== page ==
UI Anti-patterns in porting iOS apps to android

If you are considering porting an iOS app to Android one of the key issues that you need to address is how to adapt the ui to Android.  Fortunately Google provide a series of excellent resources around creating Android UIs .  I highly recommend reading:

However there is one particular anti-pattern I wanted to talk about:

Copying the iOS ui pixel for pixel

Unfortunately a number of apps attempt to copy the iOS version using the same ui controls and resources.  An example of this approach is the commonwealth bank app:

Android commonwealth bank app

iOS commonwealth bank app










Google specifically advises against this in their design guide:

As you plan your app for Android, keep in mind that different platforms play by different rules and conventions. Design decisions that make perfect sense on one platform will look and feel misplaced in the context of a different platform. While a “design once, ship anywhere” approach might save you time up-front, you run the very real risk of creating inconsistent apps that alienate users.

Copying the iOS ui of an app comes with a number of significant down sides:

The app will feel out of place

Its true that apps come in all shapes and sizes.  Companies often customise the look and feel of an app to implement their own branding.  However if you just copy the look and feel of your iOS app, users will know what you are up to right away.  Consider the following review of the commonwealth bank app, from the google play store:

 Since Kaching is still not marked as compatible with my phone, I’m forced to use this poorly ported iPhone app. The content doesn’t resize to fit the screen width, leaving an unused border down the right hand side of the screen, and nothing about the design looks like Android. Commonwealth could learn a lot from ANZ here, their GoMoney app is brilliant.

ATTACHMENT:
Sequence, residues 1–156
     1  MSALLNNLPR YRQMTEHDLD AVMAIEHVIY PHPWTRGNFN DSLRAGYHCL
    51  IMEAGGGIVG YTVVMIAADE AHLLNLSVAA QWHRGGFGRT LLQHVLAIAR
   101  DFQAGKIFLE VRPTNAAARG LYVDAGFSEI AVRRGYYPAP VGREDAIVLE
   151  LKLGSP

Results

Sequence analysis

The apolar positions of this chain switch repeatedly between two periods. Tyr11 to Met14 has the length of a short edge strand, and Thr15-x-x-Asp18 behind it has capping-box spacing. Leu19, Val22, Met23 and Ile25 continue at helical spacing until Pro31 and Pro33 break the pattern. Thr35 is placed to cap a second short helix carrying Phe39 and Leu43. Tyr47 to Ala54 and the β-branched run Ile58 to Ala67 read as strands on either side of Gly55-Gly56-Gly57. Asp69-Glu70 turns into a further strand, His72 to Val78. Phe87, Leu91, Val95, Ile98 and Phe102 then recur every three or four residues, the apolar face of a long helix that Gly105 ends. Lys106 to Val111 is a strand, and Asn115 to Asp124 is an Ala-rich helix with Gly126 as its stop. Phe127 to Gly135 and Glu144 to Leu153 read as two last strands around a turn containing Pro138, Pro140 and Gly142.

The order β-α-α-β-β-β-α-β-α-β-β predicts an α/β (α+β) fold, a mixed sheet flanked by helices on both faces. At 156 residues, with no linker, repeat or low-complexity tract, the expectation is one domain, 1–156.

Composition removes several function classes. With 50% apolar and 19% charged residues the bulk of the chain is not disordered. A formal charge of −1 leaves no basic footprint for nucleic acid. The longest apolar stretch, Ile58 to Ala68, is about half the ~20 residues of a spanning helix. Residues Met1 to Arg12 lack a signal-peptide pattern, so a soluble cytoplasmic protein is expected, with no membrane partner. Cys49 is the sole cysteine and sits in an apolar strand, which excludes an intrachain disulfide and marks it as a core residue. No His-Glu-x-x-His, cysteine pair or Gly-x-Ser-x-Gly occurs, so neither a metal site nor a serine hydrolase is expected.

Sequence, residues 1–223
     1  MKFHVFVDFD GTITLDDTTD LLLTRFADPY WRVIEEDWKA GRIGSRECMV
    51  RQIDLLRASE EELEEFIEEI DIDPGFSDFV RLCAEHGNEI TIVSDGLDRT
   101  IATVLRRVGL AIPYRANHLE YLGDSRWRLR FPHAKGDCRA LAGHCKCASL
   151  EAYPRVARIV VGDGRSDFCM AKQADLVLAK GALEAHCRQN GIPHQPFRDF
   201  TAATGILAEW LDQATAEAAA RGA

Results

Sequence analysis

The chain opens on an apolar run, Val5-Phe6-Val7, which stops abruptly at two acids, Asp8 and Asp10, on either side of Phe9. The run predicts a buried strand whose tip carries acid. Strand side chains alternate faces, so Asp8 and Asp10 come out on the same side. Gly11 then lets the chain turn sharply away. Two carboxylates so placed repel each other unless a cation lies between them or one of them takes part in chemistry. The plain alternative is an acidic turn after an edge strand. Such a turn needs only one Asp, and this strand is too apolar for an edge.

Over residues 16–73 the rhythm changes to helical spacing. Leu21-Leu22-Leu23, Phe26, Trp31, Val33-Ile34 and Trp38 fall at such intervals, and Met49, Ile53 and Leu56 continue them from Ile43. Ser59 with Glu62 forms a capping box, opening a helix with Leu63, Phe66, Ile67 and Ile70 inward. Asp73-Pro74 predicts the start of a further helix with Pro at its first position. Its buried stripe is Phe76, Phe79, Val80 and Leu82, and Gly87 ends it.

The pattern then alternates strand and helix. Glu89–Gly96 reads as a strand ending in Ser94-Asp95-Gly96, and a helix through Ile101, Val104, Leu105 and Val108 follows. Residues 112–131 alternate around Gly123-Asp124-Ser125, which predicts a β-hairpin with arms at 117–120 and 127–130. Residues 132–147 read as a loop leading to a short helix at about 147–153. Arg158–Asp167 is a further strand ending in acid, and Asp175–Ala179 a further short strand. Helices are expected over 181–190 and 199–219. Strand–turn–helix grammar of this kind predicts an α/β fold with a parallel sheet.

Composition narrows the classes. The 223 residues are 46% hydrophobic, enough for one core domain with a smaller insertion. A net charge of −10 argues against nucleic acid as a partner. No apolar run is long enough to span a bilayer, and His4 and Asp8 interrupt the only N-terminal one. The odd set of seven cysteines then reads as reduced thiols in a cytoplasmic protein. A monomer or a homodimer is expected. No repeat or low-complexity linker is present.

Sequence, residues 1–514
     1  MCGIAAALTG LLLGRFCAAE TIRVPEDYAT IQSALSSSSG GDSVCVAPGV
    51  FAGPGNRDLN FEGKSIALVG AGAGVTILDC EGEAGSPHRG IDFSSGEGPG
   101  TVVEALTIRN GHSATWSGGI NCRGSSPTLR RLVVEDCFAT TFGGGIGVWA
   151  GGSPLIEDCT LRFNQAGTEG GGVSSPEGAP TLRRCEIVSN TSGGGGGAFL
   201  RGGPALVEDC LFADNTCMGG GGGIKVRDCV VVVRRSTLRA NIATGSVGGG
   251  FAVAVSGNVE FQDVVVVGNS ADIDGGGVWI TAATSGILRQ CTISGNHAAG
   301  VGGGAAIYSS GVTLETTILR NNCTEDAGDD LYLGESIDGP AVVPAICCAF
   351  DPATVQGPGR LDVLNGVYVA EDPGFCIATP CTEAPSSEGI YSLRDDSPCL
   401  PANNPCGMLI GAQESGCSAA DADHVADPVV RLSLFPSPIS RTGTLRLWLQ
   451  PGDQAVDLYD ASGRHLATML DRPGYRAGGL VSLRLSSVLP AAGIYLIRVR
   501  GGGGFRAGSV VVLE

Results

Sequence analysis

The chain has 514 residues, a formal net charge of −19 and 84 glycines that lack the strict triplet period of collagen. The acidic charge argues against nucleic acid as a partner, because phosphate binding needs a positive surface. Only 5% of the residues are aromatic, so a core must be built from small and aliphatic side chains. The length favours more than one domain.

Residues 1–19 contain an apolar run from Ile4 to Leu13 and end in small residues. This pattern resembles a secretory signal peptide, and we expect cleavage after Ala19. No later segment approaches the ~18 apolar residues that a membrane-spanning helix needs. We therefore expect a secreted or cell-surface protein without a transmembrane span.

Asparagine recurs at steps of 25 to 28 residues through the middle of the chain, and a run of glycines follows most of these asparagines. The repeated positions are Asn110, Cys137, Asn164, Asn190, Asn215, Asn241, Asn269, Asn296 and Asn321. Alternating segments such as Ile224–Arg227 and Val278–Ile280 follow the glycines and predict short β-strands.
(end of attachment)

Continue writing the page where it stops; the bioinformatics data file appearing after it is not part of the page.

Lack of device independence

The fact that android must support different screen sizes and pixel densities means that the app must gracefully deal with being resized.  This is a constraint that iOS apps don’t have and often no thought as to how they should resize has been put into the design.

Images in the app are stretched

The bottom tab bar doesn’t take advantage of any extra space to the left or right

Fails to take advantage of native android features

Copying the iOS UI means the app cannot take advantage of Android features that are unavailable on iOS.  For example Android includes the excellent share intent, which allows you to share URLs, apps,images etc via any social apps you have installed.  The commonwealth bank app however copies the iOS version all too literally:

I should note that when I took this screenshot I didn’t even have a Twitter client installed!  I guess if I wanted to share over Google+ or app.net then I would be out of luck.


What should have been done instead

When considering porting an iOS app to Android, I would recommend the following:

  • Start by reviewing the android design guide.  The first step in building a great looking android app to to understand what the platform provides and how android apps should look and behave.
  • Redesign for android.  When porting an iOS app you need to consider how to provide a UI that feels ‘native’ to android yet still familiar to users of the iOS app.  This is always going to entail some level of redesign.
  • Ensure HTML5 cross platform content is truly platform independent.  The commonwealth bank app makes heavy use of platform independent html5 content.  When using such content you need to ensure the look and feel is appropriate both for iOS and Android.
  • Test, test and test again.  Any android app needs to support a wide number of devices running at different screen resolutions and display densities.  Testing on a number of different devices would have picked up several of the issues with the commonwealth bank app.